Before the Initiative started work in Zambia in 2017, more than 4.8 million people in the country were believed to be at risk of going blind from trachoma.
In order to identify where our efforts were needed most, we mapped the prevalence of trachoma in the country. As a result, the Trachoma Initiative began working in Zambia in May 2017 with a clear action plan to help make decisive progress towards eliminating trachoma in the country.
What we’re doing about it
We’re working with a network of partners including the UK government’s Department for International Development (DFID) and the Zambian government, to help eliminate trachoma by providing carefully administered antibiotics to 3.8 million people in 29 districts of the country by the end of 2019.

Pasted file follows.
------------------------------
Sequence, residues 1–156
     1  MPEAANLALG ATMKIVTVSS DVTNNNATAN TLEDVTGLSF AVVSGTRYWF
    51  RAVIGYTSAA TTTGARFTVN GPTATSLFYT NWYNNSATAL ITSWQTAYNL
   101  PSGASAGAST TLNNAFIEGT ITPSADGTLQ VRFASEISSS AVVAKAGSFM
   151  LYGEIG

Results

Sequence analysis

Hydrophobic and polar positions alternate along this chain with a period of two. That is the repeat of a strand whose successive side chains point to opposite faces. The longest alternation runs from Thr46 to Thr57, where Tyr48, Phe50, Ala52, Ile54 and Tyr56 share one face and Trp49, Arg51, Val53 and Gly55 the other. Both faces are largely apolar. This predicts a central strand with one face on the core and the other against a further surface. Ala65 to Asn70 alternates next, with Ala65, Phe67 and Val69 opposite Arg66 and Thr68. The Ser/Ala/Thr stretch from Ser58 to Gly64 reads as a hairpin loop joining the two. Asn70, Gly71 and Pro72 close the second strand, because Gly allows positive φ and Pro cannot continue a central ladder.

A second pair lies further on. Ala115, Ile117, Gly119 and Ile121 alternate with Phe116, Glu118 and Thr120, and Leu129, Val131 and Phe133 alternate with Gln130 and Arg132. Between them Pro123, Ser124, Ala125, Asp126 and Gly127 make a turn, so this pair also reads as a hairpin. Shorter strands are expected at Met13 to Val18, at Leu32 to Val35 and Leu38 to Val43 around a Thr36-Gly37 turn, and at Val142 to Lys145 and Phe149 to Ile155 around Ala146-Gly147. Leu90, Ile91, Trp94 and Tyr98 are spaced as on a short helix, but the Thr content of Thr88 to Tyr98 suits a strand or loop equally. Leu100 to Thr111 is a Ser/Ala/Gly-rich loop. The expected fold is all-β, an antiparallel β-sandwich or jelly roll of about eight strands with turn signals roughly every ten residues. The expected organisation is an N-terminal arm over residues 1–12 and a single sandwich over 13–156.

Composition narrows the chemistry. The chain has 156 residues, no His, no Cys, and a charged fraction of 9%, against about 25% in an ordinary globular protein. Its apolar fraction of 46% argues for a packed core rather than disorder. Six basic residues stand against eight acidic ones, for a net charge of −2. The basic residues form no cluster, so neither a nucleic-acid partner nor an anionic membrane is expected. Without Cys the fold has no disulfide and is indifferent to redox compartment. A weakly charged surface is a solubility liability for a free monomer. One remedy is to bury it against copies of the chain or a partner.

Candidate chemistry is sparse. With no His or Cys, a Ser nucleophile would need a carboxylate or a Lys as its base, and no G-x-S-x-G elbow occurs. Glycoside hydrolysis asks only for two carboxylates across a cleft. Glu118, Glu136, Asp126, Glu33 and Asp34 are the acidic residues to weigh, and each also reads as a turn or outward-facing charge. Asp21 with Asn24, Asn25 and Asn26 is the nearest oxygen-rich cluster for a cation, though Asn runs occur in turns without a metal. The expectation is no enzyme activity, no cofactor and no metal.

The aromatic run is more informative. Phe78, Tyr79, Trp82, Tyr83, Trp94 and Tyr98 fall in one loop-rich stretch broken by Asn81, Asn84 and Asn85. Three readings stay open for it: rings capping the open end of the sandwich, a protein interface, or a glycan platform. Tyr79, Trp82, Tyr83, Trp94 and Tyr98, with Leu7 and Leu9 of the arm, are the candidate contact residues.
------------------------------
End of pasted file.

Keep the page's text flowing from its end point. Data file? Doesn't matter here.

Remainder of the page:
Our programme will also ensure as many as 1,500 people receive sight-saving surgery across 12 districts. In addition, surveys will be carried out to pinpoint the prevalence of trachoma as the country moves towards elimination, and track where the disease has been eliminated as a public health problem.
Progress so far
So far, more than 2.6 million people have been treated with antibiotics to stop the spread of trachoma in Zambia. Additionally, 990 case finders have been trained and mobilised to locate people who might need their trichiasis managed by trained surgeons of the health system. To date, 1,200 confirmed trichiasis patients have received programme-supported management services.
Photo credit: Sightsavers